I have added to the botanical flower collection on Pictureboxblue with this beautiful collection of bluebell illustrations and prints.
There is nothing more calming and beautiful this time of year than to walk through a wood carpeted with bluebell flowers. These beautiful tiny flowers grow in ancient woodland.
They are found in their greatest densities in the UK’s woods where many thousands of bulbs can exist in one woodland. Over half the world’s populations of wild bluebells grow in the UK.
They are even protected under the law in the UK, you can be fined £5000 for trading a single bluebell bulb.
Before, sharing the beautiful bluebell illustrations, I’ll tell you a little bit about the popular wildflower. Bluebells are known by many names, common bluebells, English bluebells, wood bluebells, fairy flowers and wild hyacinth.
Bluebells are sweet-smelling bell-shaped flowers, deep violet-blue in color, they have six petals with up-turned tips which droop to one side of the stem. The flower spends the majority of its time underground as bulbs, emerging as flowers from April onwards.
Bluebells have been voted by the charity Plantlife as Englands favourite wild flower.
In folklore, it is believed that bluebells ring at daybreak to summon the fairies to the woods. The flower is believed to have magical properties. If you manage to turn a bluebell inside-out without tearing it, you will win the one you love. Also, if you wear a wreath of bluebells you will only be able to speak the truth.
In the language of flowers, the bluebell is a symbol of humility, constancy, gratitude, and everlasting love.
A Poem About The Bluebell
Emily Bronte famously known as the author of Wuthering Heights wrote a whole poem dedicated to the bluebell.
Blue Bell, The by Emily Bronte
The bluebell is the sweetest flower
That waves in summer air;
Its blossoms have the mightiest power
To soothe my spirit’s care.
There is a spell in purple heath
Too wildly, sadly dear;
The violet has a fragrant breath
But fragrance will not cheer.
The trees are bare, the sun is cold;
And seldom, seldom seen;
The heavens have lost their zone of gold
The earth its robe of green;
And ice upon the glancing stream
Has cast its sombre shade
And distant hills and valleys seem
In frozen mist arrayed –
The bluebell cannot charm me now
The heath has lost its bloom,
The violets in the glen below
They yield no sweet perfume.
But though I mourn the heather-bell
‘Tis better far, away;
I know how fast my tears would swell
To see it smile today;
And that wood flower that hides so shy
Beneath the mossy stone
Its balmy scent and dewy eye:
‘Tis not for them I moan.
It is the slight and stately stem,
The blossom’s silvery blue,
The buds hid like a sapphire gem
In sheaths of emerald hue.
‘Tis these that breathe upon my heart
A calm and softening spell
That if it makes the tear-drop start
Has power to soothe as well.
For these I weep, so long divided
Through winter’s dreary day,
In longing weep–but most when guided
On withered banks to stray.
If chilly then the light should fall
Adown the dreary sky
And gild the dank and darkened wall
With transient brilliancy,
The Free Bluebell Illustrations And Prints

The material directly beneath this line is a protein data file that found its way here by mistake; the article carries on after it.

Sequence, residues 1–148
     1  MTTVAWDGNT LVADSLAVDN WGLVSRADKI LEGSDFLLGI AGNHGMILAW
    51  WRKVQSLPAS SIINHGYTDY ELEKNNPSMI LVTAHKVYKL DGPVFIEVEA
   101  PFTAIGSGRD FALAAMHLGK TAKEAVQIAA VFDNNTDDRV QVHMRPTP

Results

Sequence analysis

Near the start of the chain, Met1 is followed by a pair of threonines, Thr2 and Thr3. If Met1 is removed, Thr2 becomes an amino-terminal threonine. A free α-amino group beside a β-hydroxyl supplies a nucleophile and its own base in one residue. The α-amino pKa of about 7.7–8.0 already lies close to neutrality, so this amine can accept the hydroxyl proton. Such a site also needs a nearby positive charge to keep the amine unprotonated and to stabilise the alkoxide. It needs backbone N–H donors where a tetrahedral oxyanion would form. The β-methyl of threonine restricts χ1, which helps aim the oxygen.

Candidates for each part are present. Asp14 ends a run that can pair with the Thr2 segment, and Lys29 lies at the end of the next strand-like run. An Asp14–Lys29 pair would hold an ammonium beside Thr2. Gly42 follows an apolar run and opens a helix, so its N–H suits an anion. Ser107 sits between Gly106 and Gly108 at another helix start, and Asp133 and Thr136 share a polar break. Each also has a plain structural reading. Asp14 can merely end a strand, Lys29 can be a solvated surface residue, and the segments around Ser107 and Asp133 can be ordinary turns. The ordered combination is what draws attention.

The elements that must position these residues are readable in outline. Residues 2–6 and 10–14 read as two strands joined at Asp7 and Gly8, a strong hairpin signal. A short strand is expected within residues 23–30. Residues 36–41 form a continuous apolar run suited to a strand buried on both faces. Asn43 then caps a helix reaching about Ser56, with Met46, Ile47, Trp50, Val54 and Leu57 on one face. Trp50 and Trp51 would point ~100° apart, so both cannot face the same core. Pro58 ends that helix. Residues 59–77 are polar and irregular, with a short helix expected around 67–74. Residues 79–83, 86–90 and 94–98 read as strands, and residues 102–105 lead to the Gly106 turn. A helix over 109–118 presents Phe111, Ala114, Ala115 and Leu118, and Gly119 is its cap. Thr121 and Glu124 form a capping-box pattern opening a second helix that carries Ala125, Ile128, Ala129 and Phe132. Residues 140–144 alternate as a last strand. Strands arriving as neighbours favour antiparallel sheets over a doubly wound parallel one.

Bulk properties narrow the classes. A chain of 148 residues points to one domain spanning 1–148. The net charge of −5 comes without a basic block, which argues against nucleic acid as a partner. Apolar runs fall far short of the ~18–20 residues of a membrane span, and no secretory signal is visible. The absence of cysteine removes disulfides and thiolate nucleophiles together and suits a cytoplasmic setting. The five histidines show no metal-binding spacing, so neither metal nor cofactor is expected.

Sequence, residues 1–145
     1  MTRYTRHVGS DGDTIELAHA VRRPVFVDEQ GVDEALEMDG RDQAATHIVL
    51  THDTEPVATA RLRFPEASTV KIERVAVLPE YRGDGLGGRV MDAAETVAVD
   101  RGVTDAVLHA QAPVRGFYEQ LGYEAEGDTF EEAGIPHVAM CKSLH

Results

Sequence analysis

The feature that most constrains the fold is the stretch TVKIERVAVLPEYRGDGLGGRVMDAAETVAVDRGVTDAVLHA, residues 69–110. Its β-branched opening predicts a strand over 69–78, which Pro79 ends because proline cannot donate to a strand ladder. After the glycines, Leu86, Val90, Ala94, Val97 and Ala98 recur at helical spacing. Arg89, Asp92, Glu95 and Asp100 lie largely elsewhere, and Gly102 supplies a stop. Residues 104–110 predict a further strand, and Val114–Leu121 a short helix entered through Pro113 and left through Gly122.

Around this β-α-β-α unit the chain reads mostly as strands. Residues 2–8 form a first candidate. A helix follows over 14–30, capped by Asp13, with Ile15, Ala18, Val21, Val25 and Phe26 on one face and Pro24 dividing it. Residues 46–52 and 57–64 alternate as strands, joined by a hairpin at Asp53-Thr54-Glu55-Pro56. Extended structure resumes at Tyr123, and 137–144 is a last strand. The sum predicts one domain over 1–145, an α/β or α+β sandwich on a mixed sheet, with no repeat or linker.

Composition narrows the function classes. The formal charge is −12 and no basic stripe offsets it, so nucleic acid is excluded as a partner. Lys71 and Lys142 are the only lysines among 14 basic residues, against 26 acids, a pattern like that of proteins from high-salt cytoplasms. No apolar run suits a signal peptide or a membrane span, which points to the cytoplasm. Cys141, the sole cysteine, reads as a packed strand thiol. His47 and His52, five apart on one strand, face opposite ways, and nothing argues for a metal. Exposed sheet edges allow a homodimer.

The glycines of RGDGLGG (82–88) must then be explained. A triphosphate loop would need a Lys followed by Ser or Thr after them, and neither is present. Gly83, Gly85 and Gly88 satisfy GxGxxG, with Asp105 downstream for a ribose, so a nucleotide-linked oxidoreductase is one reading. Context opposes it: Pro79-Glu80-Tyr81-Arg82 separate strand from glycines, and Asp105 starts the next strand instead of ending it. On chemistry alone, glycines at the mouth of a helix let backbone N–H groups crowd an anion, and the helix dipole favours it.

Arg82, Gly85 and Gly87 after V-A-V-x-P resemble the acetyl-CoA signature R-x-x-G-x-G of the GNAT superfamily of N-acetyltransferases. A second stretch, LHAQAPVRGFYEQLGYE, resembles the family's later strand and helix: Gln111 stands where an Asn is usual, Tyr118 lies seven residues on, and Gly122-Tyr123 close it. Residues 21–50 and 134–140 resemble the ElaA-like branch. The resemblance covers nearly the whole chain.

To download the bluebell illustration that you want, just click on the title above the image. A higher resolution image will open in a new window in your browser.
Right click on that image with your mouse and you will have the option to save it to your device.
This beautiful bluebell illustration is from the book “Flora and Thalia; or, Gems of flowers and poetry being an alphabetical arrangement of flowers, with appropriate poetical illustrations, embellished with colored plates. By a lady. To which is added, a botanical description of the various parts of a flower, and the dial of flowers“.
The French on this bluebell illustration translates as “Wood and hedges. – Blooms from April to June. Bluebell.”
This beautiful print is from the 1895 book “Atlas de poche des plantes des champs, des prairies et des bois : a l’usage des promeneurs et des excursionnistes“. This title translates as, “Pocket atlas of field, meadow and woodland plants: for walkers and day-trippers.“
These bluebells are native to eastern North America. This print is from the book “Wild plants needing protection” by Elizabeth Britton 1912.
Petite campanulle translates from French into English, as small bell tower, which is an appropriate description.
The print is from a book about flowers that grow around Paris, “Flora Parisiensis“.
The bluebell illustration is one of many woodland flowers on this print. It is from the book “A new British flora: British wildflowers in their natural haunts” 1919.
This bluebell is from a British Entemology book, hence the insect drawings.
You can find many more insect art drawings with flowers here.
British wild flowers by Thomas Moore (1867).
Watercolor bluebell illustration from “Les Fleurs de Printemps“, Paul Lechevalier 1929.
Wild Hyacinth aka bluebell from “Wayside and Woodland Blossoms” (1895, Woodfall & Kinder)
Wild hyacinth (bluebell) watercolor by Anne Pratt from the book “Wild Flowers” 1857.
If you want to check out more woodland flowers, then you’ll love these Lily of Valley illustrations (the Queen’s favourite bloom).
I hope you enjoyed these lovely bluebell illustrations. Don’t forget to check out the other vintage flower pictures on the site. These include many other spring flowers such as daffodils, tulips, and poppies.
For other wildflowers, check out the beautiful botanical posters of Adolphe Millot.
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